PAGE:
# Today is “e” day (Feb 7th)

By Murray Bourne, 07 Feb 2010

"*e*" is one of those amazing numbers that arises naturally in the scheme of things.

Today, 2/7, is celebrated as "e" Day, since the first 2 digits in the number "e" are 2 and 7.

Other special numbers include "pi" (π = 3.141592653..., celebrated on Mar 14th), which is the circumference of any circle divided by its diameter; and "phi" φ = 1.6180339887..., which is the so-called "beauty ratio". These numbers are irrational (that is, their decimals go on forever and never repeat).

*e* is also an irrational number and it has value:

*e* = 2.718281828459...

The number *e* was "discovered" by several mathematicians (Oughtred, Huygens, Jacob Bernoulli, Mercator and Leibniz) but they didn't quite *know* they had stumbled on it and didn't necessarily know its significance at first.

There are some curious properties of *e*, one of which is that it's the limiting value of this expression:

## What does this mean?

Let's substitute some values to see what this limit expression means.

We start with *n* = 1 (we cannot start with 0, because that would give a fraction with 0 in the denominator).

Next, we substitute *n* = 2:

One more: *n* = 3

It's easier to see what's going on in a graph.

I've plotted the values after substituting *n* = 1 up to *n* = 20. We can see it's tending (getting closer to) some value. That value, marked as "e" in red on the graph, is 2.718281828459...

This function converges slowly. If I substitute in *n* = 1000, I only get 2 decimal place accuracy, and even if I go up to *n* = 100,000, I get 2.718268, which is only accurate to 4 decimal places.

## A better way to find *e*

The value of "e" can also be found by adding the infinite sum:

The "factorial" exclamation mark, "!", means "multiply by all positive integers smaller than the number given". So

2! = 2 × 1 = 2

and

3! = 3 × 2 × 1 = 6.

We can write our infinite sum using summation notation as:

I'll show the first few terms of this sum. When *n* = 0, using the convention 0! = 1, we have:

When *n* = 1:

When *n* = 2:

And one more, when *n* = 3:

This second infinite sum is a more efficient way of finding "e", since we only need to add 9 terms and we have 6 decimal place accuracy.

## Why is "e" so important?

So what is *e* good for? See Exponential and Logarithmic Functions.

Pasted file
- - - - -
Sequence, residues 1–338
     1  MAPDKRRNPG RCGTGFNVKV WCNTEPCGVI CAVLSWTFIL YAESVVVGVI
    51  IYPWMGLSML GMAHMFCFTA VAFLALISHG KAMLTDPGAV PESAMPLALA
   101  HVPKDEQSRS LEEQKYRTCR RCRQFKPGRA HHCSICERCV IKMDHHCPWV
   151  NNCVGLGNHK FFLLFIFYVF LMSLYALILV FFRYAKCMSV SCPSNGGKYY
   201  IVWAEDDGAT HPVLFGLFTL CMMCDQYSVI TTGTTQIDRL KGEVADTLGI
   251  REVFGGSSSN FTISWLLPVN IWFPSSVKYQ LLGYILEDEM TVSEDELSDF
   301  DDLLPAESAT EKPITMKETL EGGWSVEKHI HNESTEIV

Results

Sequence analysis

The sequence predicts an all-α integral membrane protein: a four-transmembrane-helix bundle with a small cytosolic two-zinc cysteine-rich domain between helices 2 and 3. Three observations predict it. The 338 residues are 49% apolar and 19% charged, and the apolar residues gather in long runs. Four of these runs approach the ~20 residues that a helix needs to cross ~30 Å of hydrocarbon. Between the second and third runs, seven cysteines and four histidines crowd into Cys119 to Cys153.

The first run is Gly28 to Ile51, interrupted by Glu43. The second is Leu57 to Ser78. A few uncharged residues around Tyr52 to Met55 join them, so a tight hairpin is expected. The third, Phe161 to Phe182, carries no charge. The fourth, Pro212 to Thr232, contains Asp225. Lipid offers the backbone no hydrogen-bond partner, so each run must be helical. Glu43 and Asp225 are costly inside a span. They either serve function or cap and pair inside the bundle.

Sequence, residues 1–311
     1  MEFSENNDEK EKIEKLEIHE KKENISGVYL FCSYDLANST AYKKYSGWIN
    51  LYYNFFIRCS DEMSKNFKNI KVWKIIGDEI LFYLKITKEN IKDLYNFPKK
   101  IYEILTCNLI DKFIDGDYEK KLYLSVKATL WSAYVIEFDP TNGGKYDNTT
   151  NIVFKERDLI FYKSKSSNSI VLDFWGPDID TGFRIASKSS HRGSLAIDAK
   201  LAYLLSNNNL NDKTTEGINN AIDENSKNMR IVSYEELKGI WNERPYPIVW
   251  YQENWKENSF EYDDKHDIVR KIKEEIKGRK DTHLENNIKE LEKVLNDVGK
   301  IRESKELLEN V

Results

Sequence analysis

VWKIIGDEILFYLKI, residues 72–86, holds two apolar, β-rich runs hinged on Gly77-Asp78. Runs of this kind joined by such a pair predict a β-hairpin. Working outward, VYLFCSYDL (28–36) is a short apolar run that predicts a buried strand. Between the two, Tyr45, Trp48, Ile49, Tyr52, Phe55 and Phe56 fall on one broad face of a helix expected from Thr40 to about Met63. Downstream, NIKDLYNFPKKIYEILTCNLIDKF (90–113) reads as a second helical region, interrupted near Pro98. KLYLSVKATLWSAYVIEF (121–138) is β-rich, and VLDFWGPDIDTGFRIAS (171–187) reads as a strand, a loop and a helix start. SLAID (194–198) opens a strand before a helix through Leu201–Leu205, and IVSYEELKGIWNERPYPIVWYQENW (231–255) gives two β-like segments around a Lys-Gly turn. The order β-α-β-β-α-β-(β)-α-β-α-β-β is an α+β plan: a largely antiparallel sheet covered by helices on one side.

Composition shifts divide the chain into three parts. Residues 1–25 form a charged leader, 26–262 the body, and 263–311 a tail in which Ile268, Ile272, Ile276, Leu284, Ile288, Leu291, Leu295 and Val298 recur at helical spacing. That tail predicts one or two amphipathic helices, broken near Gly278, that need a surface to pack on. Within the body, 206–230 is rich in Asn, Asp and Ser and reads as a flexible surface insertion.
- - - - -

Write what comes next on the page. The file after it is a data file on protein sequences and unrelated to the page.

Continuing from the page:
It is used extensively in logarithms (which was the only way to do difficult calculations for hundreds of years before calculators came along), exponential growth (of populations, money or drug concentrations over time) and complex numbers (which were used to design the computer or mobile device you are reading this on).

So happy "*e*" day (February 7th, or 2/7).

[For more information on *e*, see the MacTutor history.]

See the 7 Comments below.

9 Feb 2010 at 5:20 am [Comment permalink]

[...] Today is “e” day [...]

31 Jan 2012 at 1:46 pm [Comment permalink]

Pi-day is on 3-14, but Some people consider 22/7 as pi-day.

Thanks for info. about e-day.

31 Jan 2012 at 6:57 pm [Comment permalink]

In analogy with pi day (March 14th) "keeping 2 decimal places", shouldn't e day be on February 71st (or 72nd, if rounding)? 🙂 That's when my precalculus class celebrated it last year - counting forward, I believe that's some time around April 11th.

It'd be easier to do this in a non-"middle-endian" calendrical system: 27/1 (or again, 27/2 if rounding....). Actually, now that I think about it, in a "middle-endian" calendar, pi day is obvious, but e day is not (3/14 vs 2/71), while in "little-endian" calendars, pi day is nonobvious (31/4) but e day is (27/1).....

31 Jan 2012 at 7:07 pm [Comment permalink]

@Mike: Good to hear from you! Thanks for your input. But somehow, April 11th seems rather distant.

How about the idea of celebrating at 4:28 AM on the 7th February (based on 0.01828... × 24 hrs = 4 hrs 23 min). Then again, at that hour, it would be difficult to find anyone who cares! 🙂

4 Feb 2012 at 5:47 am [Comment permalink]

happy e day

"thanks for this beautifull post.

I loved it"

6 Feb 2013 at 10:21 pm [Comment permalink]

[...] But for those who have the background to understand, “It is the limit of (1 + 1/n)n as n approaches infinity (source: the almighty wikipedia). It is this [...]

18 Dec 2014 at 1:54 am [Comment permalink]

[…] sure there are other dates out there that should and could be celebrated (i.e. e Day). So don’t feel too bad if you’re not taking a day this week to graph a Gingerbread […]